by Brian Cathcart
Amid all the manoeuvring by Cameron & Co as they try to avoid making editors and proprietors of the national press genuinely accountable for what they do, the idea of a Royal Charter has surfaced.
It is a seasonably folkloric and tinselly addition to the debate. Her Majesty’s privy counsellors, no doubt clad in breeches and kneeling in her presence, will ceremonially apply a red wax seal to a vellum scroll and lo, all the problems of press regulation will be magicked away.
This is just the latest proof that, when it comes to freedom of speech, Mr Cameron either does not understand it at all or else he is operating from a humiliatingly bad script written for him by Rupert Murdoch and Paul Dacre.
The Leveson Report mapped out a simple route for creating effective press regulation that is independent of both the industry and of politicians. Politicians would intervene once, with Parliament creating an arm’s-length body to audit the industry’s own regulator in the public interest, and that would be that. The judge also expressed the hope that this one intervention could be done on an all-party basis and in an atmosphere of the greatest possible transparency.
Instead of this, look at the mess we’re in. The editors and proprietors, led by two working Conservative peers, Lords Hunt and Black, are busy knocking together a self-regulator that may be an improvement on their last one, but which will surely fall short of what Leveson wanted.
Look at the language of their letter to Maria Miller: ‘We accept a clear majority of Lord Justice Leveson’s main recommendations…’ These are weasel words. What is a ‘clear majority’ and how big is the clear minority left behind? And which are those ‘main recommendations’? It’s obvious that they are treating Leveson like an a la carte menu, picking and choosing the bits they like.
Independence is central to the Leveson proposal and we have a flavour of the industry’s idea of that concept from the ‘independent’ people Lord Hunt chose (well who else would choose them?) to guide the process. One is Lord Phillips of Worth Maltravers, whom Hunt acknowledges as an old chum and whom he refers to as ‘Nick’, and another is Sir Simon Jenkins, a former Fleet Street editor who wrote recently in the Guardian that ‘Lord Justice Leveson and his supporters seem to be converts to sharia law’. Jenkins also wrote, for good measure: ‘The Leveson inquiry itself was conducted as a cross between an X-Factor jury and a hanging court for the Murdoch family.’
As if this were not bad enough, the whole process appears to be directed from Downing Street. First Cameron and his cleverclogs-in-waiting, Oliver Letwin, called the editors in and spelled out what was wanted, and now the editors are writing back and saying: ‘We can confirm that we are committed to establishing a new system of independent self regulation in accordance with the five Leveson Principles outlined by the Prime Minister…’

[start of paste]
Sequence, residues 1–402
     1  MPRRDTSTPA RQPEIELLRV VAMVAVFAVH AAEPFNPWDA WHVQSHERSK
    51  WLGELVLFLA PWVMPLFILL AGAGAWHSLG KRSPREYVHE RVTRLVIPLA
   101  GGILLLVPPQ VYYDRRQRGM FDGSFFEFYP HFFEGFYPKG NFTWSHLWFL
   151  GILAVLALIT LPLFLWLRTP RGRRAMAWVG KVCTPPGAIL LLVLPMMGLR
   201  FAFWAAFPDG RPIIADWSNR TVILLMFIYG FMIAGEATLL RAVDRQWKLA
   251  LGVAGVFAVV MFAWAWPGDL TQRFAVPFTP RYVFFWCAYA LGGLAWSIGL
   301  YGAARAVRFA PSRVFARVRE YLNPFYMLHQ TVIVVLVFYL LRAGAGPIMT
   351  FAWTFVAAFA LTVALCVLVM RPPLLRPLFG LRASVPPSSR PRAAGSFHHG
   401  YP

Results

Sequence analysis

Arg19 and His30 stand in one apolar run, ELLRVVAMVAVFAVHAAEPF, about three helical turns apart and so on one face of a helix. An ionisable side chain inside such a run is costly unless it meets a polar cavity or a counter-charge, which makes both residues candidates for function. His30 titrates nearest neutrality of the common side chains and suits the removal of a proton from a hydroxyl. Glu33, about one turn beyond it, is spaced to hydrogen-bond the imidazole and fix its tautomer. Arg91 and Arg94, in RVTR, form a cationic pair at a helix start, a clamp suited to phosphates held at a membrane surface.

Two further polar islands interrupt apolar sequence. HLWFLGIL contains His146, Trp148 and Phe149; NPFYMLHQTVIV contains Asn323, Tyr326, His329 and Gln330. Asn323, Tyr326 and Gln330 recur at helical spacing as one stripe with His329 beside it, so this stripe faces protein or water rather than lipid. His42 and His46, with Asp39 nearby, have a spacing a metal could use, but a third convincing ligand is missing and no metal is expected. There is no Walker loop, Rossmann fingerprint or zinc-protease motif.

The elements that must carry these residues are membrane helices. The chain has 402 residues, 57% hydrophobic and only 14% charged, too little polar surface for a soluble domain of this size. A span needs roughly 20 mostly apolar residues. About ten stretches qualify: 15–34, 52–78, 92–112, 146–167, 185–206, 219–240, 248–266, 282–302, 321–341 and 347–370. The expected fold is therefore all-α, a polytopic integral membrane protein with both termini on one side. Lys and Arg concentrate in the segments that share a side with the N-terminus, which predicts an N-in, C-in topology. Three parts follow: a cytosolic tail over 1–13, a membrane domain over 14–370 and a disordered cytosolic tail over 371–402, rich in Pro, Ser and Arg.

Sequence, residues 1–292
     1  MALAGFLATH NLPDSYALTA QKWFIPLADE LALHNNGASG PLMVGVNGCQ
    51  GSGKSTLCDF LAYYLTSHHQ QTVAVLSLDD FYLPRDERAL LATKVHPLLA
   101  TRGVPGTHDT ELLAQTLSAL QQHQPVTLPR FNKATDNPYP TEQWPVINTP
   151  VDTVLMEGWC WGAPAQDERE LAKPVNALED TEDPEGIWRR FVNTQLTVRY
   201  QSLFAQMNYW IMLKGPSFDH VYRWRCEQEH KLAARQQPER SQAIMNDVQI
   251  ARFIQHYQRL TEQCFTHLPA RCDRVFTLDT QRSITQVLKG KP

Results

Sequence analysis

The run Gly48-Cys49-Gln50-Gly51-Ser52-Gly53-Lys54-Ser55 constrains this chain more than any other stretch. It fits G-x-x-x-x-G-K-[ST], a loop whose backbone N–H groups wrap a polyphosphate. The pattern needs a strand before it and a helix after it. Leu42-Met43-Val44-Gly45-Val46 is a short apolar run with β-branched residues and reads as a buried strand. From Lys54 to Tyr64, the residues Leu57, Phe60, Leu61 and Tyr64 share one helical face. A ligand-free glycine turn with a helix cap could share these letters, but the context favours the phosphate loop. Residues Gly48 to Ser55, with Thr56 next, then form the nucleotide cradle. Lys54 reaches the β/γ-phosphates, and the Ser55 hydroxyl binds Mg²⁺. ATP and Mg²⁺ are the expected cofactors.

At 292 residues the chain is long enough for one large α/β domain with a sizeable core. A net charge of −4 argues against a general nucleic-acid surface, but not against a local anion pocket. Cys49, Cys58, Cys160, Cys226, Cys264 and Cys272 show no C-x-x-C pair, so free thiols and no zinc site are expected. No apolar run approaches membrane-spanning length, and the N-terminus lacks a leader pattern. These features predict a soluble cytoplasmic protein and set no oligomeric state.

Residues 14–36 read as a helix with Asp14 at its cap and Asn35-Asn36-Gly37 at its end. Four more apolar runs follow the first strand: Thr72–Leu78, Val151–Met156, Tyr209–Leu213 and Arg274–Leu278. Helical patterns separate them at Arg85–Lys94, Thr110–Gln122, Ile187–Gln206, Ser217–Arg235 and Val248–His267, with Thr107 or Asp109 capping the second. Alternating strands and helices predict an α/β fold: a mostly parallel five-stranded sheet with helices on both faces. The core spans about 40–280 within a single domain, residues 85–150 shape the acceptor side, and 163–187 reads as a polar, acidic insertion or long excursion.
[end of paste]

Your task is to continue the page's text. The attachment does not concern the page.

Note that it is not ‘in accordance with the Leveson Report’, but with the Prime Minister’s bland five-point summary of it – a kind of Leveson Lite. So press regulation is now being mapped out under the guidance of one part of one political party. How is that a fit response to an inquiry into gross press abuses that ‘wreaked havoc in the lives of innocent people’? How is that going to fix what six other inquiries in 70 years have failed to fix?
And it gets worse – which is where Her Majesty comes in. Rather than have Parliament pass a simple law setting up a ‘recognition body’ to ensure that the press self-regulator operates in the public interest, Letwin is reported to want a Royal Charter.
What role this gaudy document will play is unclear, but we know this. Royal Charters are not issued by Parliament, but by the Cabinet and a few other ministers, operating as the Privy Council. So this would not be all-party or anything like it. Nor would it be democratic or transparent. It would be a Cabinet decision, behind closed doors, with no one consulted except of course the editors and proprietors.
Next, the Charter will make no difference. A chartered entity has no greater standing in law than a company limited by guarantee (which is what the PCC is). It just has a vellum scroll. And inconveniently the charter can be altered at any time by – you guessed it – ministers acting as the Privy Council. This is surely the slipperiest of slippery slopes towards political interference in the press.
To get around this little problem, rumour has it that Letwin proposes that this should be a special Royal Charter, with a built-in safeguard against subsequent amendments. It seems that changes would only be possible if they were approved by – who’s left? – the Queen.
It is hard to imagine a more ludicrous pantomime, and Cameron, his ministers and the editors are going through all of this because, we are asked to believe, the Prime Minister has a principled objection to political interference in the press.
Brian Cathcart is director of Hacked Off. He tweets at @BrianCathcart.